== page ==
Identification and Functional Analysis of Epigenetic Regulators Nucleated by the Chromatin Remodeler SATB2 in Acute Lymphoblastic Leukemia
Principle Investigator: Jose Cancelas Perez, MD, PhD
Precursor B-ALL, the most frequent tumor in children, arises with the acquisition of a transforming, leukemia-initiating event in hematopoietic progenitors and subsequent gene deletions at lineage specific hotspots. Chemotherapy resistant B-ALL has, even in the era of CAR-T cell immunotherapy, a 50% survival rate. The pathophysiological processes resulting in B-ALL transformation involve increased proliferation and differentiation arrest at an early stage of B-cell differentiation, selection of clonal population of lymphoid cells, and accumulation of malignant, poorly differentiated lymphoid cells within the bone marrow, peripheral blood, and extramedullary sites.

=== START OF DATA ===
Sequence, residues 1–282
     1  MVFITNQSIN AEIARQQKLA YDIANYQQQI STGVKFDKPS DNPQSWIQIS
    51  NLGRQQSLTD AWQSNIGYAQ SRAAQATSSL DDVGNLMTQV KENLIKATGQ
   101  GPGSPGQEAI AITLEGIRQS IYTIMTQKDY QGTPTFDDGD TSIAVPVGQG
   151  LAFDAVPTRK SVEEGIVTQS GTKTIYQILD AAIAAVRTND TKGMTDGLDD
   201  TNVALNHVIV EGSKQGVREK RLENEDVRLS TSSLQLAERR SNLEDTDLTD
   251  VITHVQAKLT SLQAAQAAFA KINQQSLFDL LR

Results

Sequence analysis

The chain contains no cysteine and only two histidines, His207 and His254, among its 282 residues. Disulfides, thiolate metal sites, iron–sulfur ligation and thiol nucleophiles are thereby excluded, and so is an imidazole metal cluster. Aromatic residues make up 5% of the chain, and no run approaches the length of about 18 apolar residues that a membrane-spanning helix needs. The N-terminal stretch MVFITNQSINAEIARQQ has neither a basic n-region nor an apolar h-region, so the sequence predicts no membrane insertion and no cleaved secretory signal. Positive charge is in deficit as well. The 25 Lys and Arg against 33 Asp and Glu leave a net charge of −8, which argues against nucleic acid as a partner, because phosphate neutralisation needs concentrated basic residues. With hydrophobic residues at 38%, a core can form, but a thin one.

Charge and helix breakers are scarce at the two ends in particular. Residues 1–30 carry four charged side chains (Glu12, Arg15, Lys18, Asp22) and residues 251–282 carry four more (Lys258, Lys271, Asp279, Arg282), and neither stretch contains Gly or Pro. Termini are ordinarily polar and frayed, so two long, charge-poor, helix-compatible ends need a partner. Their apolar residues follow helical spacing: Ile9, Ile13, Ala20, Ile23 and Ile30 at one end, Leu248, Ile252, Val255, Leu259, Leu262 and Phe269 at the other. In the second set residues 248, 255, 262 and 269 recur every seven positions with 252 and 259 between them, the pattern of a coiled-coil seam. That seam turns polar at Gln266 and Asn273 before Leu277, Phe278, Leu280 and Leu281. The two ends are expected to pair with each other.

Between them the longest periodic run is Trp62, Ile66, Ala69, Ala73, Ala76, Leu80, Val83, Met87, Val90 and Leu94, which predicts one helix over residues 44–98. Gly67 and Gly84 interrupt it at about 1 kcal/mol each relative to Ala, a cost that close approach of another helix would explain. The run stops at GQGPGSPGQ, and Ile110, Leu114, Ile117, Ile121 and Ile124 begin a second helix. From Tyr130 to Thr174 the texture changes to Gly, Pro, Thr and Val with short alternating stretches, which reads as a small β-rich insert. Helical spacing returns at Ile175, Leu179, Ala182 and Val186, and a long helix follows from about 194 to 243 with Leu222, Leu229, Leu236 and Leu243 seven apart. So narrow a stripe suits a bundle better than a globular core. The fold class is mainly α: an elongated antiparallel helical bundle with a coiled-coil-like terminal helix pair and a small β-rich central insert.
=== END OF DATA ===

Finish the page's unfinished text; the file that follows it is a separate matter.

The intervention of targets required for oncogene induced B cell differentiation arrest could be novel therapeutic options in poor prognosis B-ALL subtypes. We have demonstrated that aPKCλ-RAC- MEK-ERK induced upregulation of chromatin modifier SATB2 is essential for differentiation arrest and blastic transformation of B-cell progenitors in Ph+ B-ALL, and genetic or pharmacological intervention of the upstream regulator of SATB2 led to increased differentiation and abrogation of leukemia. We continue to study the role of SATB2 in the epigenetic regulation and B-ALL development by determining the effects of leukemogenic Satb2 in in vivo lymphoid leukemogenesis and evaluating the role of SATB2 in chromatin organization and epigenetic modulation of target genes during blastic transformation of B-cell progenitors.